CHRONOLOGY: Key Dates for Pennzoil Co.


The Pennsylvania Refining Company trademarks the Pennzoil brand name


South Penn, a former division of Standard Oil, purchases 51 percent of Pennsylvania Refining


South Penn purchases the remaining portion of Pennsylvania Refining


South Penn, STETCO Petroleum, and Zapata Petroleum Company merge to form Pennzoil Company


Pennzoil acquires United Gas Pipeline, a company about eight times the size of Pennzoil


Pennzoil is one of the first U.S. companies invited to China to discuss off-shore oil exploration


The company sues Texaco for interfering with its attempted takeover of Getty Oil


Pennzoil purchases Jiffy Lube


Acquires U.S. oil and gas properties from Chevron


The company fights off an attempt to purchase it

While not as exciting as oil and gas exploration, Pennzoil's other activities continued to do well. Pennzoil was the number one selling motor oil for more than 10 years. In 1996, it had a 21-percent share of the market. After the announcement of the merger with Quaker State in 1998, the market share of the company jumped to 36 percent. In addition, in 1996 it had 17 percent of the do-it-yourself market and 29 percent of the installed market. Its Jiffy Lube centers captured 25 percent of the oil change market, and 85 percent of the oil sold was Pennzoil. As of December 31, 1997, 1,516 Jiffy Lube service centers were open in the United States. Franchisees operated 935 of the service centers, and Jiffy Lube owned and operated the remaining 581.


In the mid-1990s, Pennzoil introduced a new Z-line of lubricants, which had a variety of end-uses. Each product has a specific application. For example, the Z-M lubricant targeted marine applications to protect metal from salty moisture. In 1996, Pennzoil also repositioned some products: it changed the name of its line of synthetic oils to Performax 100, and it broadened its Wolf Head line from a regional product to a national one.


Pennzoil successfully promotes its products through its support of sporting events. Pennzoil was a sponsor of NCAA basketball and the Olympic Games. But, as one might guess, most of its energies have been directed toward auto racing. Beginning with its sponsorship of Russell Snowberger in the 1930s, Pennzoil has an important presence at the Indianapolis 500. This tradition was reaf-firmed in 1995 when Gil de Ferran, driver of the Pennzoil Special, was named the 1995 IndyCar Rookie of the Year. Pennzoil motor oil is the "Official Motor Oil" of the Indy, as well as the Brickyard 400. Pennzoil is also the sponsor of The Auto Channel, a web site at, devoted to motor vehicles and sports.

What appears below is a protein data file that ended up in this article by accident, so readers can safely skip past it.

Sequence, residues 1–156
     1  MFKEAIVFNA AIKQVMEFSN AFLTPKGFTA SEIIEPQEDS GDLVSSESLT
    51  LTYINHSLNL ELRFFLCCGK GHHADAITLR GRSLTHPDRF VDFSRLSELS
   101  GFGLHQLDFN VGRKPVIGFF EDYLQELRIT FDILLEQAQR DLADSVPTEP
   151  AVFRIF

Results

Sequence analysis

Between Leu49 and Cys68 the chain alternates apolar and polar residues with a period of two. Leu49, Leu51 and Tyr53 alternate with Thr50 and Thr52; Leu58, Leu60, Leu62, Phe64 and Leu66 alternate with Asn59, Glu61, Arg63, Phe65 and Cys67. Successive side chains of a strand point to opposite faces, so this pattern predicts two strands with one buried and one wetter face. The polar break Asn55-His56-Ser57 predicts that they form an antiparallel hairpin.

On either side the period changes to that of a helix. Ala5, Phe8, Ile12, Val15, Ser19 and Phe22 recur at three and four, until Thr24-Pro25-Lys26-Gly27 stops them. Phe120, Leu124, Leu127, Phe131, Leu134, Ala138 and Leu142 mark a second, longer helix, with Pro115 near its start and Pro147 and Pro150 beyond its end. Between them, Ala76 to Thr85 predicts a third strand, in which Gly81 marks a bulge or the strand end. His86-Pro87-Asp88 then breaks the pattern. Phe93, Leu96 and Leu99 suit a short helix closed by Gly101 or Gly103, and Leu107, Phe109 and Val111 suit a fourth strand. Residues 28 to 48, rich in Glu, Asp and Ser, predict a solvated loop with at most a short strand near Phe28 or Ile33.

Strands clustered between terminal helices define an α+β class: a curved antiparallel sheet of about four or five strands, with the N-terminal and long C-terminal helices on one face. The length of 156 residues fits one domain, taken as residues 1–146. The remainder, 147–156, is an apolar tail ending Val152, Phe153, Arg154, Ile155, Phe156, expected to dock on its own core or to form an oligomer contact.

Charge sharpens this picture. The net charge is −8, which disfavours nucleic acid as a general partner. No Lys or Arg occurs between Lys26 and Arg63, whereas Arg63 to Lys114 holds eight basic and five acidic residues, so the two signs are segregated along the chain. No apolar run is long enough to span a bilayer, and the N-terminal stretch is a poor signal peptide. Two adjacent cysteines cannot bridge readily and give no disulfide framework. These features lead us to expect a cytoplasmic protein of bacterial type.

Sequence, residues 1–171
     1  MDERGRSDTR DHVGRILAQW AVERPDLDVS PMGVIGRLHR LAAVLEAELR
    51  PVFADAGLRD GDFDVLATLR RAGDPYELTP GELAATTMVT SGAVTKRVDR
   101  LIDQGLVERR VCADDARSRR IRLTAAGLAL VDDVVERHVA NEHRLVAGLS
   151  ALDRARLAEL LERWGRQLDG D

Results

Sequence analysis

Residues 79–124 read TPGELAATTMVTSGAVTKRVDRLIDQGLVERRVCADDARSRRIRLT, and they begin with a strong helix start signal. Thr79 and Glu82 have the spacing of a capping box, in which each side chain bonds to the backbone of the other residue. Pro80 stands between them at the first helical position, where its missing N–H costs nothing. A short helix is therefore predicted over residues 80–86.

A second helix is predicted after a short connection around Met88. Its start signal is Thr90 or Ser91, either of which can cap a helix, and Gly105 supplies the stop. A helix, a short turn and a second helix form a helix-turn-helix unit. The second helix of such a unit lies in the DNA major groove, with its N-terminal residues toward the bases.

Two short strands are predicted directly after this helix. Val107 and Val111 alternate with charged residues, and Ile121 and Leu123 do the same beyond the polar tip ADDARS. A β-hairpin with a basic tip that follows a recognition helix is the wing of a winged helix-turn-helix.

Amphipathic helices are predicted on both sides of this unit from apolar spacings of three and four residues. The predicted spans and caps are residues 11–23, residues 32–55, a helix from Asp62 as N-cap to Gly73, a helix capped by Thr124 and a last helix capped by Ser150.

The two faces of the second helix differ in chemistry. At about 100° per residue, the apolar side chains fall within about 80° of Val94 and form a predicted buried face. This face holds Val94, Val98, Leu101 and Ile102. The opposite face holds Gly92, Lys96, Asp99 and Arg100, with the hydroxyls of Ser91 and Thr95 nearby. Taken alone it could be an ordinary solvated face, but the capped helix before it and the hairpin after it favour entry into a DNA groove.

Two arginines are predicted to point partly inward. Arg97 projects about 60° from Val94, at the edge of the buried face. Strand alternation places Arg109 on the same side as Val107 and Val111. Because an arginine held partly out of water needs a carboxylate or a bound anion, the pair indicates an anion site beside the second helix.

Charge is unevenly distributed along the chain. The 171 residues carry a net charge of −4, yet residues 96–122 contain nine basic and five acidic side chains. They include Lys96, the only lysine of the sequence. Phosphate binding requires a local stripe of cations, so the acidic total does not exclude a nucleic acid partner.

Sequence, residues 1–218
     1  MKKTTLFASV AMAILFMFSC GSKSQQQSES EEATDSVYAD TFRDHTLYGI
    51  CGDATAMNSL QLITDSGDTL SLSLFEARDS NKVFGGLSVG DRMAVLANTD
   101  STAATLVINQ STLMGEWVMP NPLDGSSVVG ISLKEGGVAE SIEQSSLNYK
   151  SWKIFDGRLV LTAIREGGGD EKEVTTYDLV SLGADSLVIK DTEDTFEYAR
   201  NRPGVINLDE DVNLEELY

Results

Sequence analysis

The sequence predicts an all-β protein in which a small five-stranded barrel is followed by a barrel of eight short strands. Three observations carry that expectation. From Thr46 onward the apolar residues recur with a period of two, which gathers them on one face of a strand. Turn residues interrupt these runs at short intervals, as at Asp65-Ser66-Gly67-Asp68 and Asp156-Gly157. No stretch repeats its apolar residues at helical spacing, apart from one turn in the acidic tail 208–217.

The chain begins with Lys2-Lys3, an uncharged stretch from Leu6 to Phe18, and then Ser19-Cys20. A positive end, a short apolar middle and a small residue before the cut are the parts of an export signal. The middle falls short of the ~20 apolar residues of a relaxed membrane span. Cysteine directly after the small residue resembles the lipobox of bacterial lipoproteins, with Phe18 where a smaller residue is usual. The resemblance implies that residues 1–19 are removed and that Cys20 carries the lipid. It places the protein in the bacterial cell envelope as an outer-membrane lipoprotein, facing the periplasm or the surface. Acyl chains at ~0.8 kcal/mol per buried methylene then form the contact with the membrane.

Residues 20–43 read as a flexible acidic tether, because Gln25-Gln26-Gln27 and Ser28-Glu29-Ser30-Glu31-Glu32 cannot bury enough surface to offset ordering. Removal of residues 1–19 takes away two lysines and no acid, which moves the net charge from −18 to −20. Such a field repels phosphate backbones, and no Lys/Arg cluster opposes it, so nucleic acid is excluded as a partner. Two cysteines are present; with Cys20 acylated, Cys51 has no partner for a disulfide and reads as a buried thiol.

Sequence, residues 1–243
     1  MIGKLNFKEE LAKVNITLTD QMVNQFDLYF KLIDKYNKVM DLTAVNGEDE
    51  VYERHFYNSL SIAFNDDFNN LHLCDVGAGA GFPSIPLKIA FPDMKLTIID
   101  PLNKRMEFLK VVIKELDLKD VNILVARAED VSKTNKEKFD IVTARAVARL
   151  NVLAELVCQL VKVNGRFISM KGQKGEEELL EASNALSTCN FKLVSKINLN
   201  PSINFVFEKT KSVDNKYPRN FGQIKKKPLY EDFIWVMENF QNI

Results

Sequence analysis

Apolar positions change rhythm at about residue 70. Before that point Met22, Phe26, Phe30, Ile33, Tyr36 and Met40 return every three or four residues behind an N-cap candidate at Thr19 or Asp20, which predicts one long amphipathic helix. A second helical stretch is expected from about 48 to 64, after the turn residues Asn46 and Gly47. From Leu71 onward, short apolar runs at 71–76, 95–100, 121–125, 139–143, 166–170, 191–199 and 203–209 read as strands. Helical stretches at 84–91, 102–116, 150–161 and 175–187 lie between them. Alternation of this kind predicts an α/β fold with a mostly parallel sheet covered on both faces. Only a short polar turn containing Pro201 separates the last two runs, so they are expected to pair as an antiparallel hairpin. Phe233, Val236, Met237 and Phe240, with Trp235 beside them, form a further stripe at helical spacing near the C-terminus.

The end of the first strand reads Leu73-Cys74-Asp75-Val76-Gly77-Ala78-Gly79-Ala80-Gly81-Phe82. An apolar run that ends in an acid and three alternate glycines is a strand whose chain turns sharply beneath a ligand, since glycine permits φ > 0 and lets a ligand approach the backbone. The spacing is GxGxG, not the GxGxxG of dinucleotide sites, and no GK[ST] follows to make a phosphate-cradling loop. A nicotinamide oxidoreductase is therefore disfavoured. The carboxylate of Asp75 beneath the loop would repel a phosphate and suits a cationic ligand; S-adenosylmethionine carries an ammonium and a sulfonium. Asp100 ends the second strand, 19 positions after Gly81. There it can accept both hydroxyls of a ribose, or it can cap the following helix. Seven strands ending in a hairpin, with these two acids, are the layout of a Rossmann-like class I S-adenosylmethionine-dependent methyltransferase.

In 1996 Pennzoil marketed its products in 62 countries. It had two joint ventures in China—one in lubricants and one in fuel additives. In Peru, Pennzoil owned 45 percent of Isopetrol SA, a lubricants company. Pennzoil also had a 50-50 joint venture to market lubricants with ATGE of Argentina. Pennzoil's international sales rose about 8 percent in 1996.

Pennzoil's search for oil and gas gives it a major global presence. Besides its role in exploring the Caspian Sea region, its drilling activities extend to South America (Venezuela), the Middle East (Egypt and Qatar), and Oceania (Australia). In December 1995, the company announced the site of its new European headquarters in Frankfurt, Germany. Pennzoil's production facilities in Europe were being consolidated at its plant in Barcelona, Spain.


  • Using the wrong kind of oil can void the warranty on your vehicle's engine;
  • Dirty oil is a good sign. It means your oil is picking up engine contaminants and keeping them suspended so they can't collect on engine parts;
  • Additives will not increase your oil's useful life;
  • Some motor oils can give you better gas mileage than others;
  • Most late model engines are designed to use lighter viscosity oils compared to older engines;
  • According to the theme song from The Beverly Hillbillies, oil can also be referred to as "Texas tea," or "black gold."


According to Pennzoil, they "believe that success is a combination of hard work and the ability to make the most of opportunity when it arises." The company claims to be strong in technology and training, providing onthe-job technological and management training. In addition, they have an educational assistance program that funds graduate and undergraduate classes.



betts, s., et al. "pennzoil company report." goldis-pittsburg institutional services, 7 june 1996.

byrne, harlan s. "revving up." barron's, 11 november 1996.

davies, erin. "tight-lipped pennzoil goes it alone." fortune, 29 december 1997.

myerson, allen. "pennzoil and quaker state plan a two-stage merger." the new york times, 16 april 1998.

the pennzoil home page, 17 july 1998. available at

"pennzoil sees bright future with completion of oil drilling." the oil daily, 10 may 1996.

"pennzoil's defc-14 a form," 31 march 1998. available at

shock, barbara. "pennzoil ceo defends soundness of stretegy despite lukewarm reception from wall street." the oil daily, 17 april 1998.

"u.s. companies map plans to reorganize and refocus." the oil and gas journal, 6 november 1995.

For an annual report:

on the internet at: write: pennzoil, 700 milam, houston, tx 77002

For additional industry research:

investigate companies by their standard industrial classification codes, also known as sics. pennzoil's primary sics are:

1311 crude petroleum and natural gas

2992 lubricating oils and greases

7549 automotive services, except repair and carwashes